Status for Asylum Seekers and
Permanent Residency for All Migrant Workers as a Pathway to Full Citizenship!
"The COVID-19 pandemic reveals how foreign
migrant workers contribute to Canada's economy and
society by doing the jobs that too few Canadians
want. Their work ensures that our food industry
thrives, that young, elderly, and at-risk
Canadians receive proper care, and that families
have much-needed support," KAIROS Migrant Justice
Coordinator Connie Sorio, a leading advocate for
migrant rights in Canada, writes in a May 7
article in the Hill Times.
She considers the action taken by Portugal as "an
effort to safeguard everyone's health and safety."
She writes, "Portugal took the unprecedented step
of granting migrants, including migrant workers,
resident status during the pandemic, and providing
full access to health care and social services."
She is also of the opinion that Canada must do the
same, but "could go one step further and grant all
overseas workers permanent resident status."
Sorio recalls that
in Canada, until the 1960s, "workers from abroad
who filled labour shortages were granted permanent
residency upon arrival." However in 1973, she
informs, "the Temporary Foreign Worker Program
(TFWP) replaced permanent residency and while the
need for migrant workers never abated, their
working and living environments suddenly became
She further explains: "Under the TFWP, most
workers are tied to one employer. While the
recently introduced Open Work Permit for Workers
at Risk provides workers with the opportunity to
leave abusive situations, the onus is on the
workers to provide proof of abuse. Because there
is no guarantee the permit will be granted and
fearing deportation and the loss of the vital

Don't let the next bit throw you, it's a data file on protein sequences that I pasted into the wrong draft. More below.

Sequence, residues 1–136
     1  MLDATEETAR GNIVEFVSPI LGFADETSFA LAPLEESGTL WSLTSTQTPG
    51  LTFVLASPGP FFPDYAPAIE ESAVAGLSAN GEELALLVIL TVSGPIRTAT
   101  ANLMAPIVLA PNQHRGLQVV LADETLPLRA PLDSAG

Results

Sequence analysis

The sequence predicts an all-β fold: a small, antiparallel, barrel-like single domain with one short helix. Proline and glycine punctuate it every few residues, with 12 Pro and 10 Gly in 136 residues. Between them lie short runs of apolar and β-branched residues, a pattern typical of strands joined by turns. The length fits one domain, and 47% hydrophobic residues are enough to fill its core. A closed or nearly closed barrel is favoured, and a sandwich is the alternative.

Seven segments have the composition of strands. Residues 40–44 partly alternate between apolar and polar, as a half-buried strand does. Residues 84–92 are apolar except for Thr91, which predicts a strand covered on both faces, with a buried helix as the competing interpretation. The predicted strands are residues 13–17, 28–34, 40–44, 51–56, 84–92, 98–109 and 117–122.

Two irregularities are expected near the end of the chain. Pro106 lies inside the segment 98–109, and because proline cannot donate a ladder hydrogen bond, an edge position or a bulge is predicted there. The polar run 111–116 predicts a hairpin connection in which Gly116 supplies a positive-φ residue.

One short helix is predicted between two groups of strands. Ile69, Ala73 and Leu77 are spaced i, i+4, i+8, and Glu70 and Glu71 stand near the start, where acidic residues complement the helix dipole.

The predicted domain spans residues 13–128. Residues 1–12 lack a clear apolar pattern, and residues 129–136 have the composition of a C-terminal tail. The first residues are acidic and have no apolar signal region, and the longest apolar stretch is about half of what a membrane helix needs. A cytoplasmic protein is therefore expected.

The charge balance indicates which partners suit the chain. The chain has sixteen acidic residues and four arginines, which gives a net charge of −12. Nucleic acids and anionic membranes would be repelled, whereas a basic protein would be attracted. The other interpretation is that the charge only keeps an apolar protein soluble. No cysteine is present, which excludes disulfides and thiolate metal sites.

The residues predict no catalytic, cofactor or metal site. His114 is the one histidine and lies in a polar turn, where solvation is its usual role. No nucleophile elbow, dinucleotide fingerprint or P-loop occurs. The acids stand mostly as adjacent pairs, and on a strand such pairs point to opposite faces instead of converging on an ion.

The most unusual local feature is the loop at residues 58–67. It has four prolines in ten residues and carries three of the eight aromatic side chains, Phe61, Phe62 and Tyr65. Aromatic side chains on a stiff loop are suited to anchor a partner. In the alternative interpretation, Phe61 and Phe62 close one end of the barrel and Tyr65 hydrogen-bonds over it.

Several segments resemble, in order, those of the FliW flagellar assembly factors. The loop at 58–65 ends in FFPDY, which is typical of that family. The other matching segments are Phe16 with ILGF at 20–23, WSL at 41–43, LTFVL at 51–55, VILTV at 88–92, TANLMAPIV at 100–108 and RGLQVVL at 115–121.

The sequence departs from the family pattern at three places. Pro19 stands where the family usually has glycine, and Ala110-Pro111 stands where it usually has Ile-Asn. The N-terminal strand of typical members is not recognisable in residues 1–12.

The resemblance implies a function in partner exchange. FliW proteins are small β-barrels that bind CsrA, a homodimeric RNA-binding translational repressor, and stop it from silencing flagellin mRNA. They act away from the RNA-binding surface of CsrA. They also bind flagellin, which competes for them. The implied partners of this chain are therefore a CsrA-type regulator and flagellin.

income that sustains their families, many workers
remain silent and as a result workplace abuses and
injuries are seldom reported."
Sorio also informs that "Opportunities to apply
for permanent residency range from difficult to
impossible depending on the occupation. For
example, under the new Caregiver Pilot Program,
prospective caregivers can apply but only after a
gruelling and expensive process, while agriculture
workers and meat processors cannot, despite
working for years and sometimes decades in Canada.
Until recently, no workers could bring their
families with them, a cruel separation that has
finally and mercifully ended for caregivers, but
Even though the federal government has taken
certain steps such as lowering eligibility
requirements to access Employment Insurance (EI)
and introducing new criteria for farmers to help
safeguard worker safety, she asserts that "much
more needs to be done."
The federal government's new supports cover
"temporary foreign workers who have lost their job
due to COVID-19 layoffs, or who have had to stop
working because of illness, but workers face
barriers in accessing the benefits because
information about support is not available in
their language or requires a computer and
internet, which many don't have," she writes.
"Also, the package
does not support workers who lost their status
because they fell through bureaucratic cracks,"
nor does it " guarantee compliance of public
health directives on farms, in meat processing
facilities, and at other workplaces."
"The Canadian government need only look to
Portugal for an efficient and speedy solution to
safeguarding the safety and security of these
critical workers and all Canadians: grant them
residency status." It is also her view that moving
forward all migrant foreign workers should be
given "access to permanent residency upon arrival
as part of building a fair and inclusive country.
In 2019, the federal government took steps in this
direction by strengthening the caregivers' pathway
to permanent residency conditional to having
completed two years of work in Canada. It must
extend this program to workers in all sectors."
Sorio concludes: "COVID-19 has shined a light on
the precarious employment of many essential
workers, including those from overseas. Granting
residency to migrant workers will demonstrate
genuine appreciation for the services they
provide, creating a pathway to citizenship and
eliminating the systemic barriers embedded in
temporary foreign worker programs.
"Now is the time for change."
This article was published in
Volume 50 Number 17 - May 16, 2020
Status for Asylum Seekers and
Migrant Workers: Permanent Residency for All Migrant Workers as a Pathway to Full Citizenship!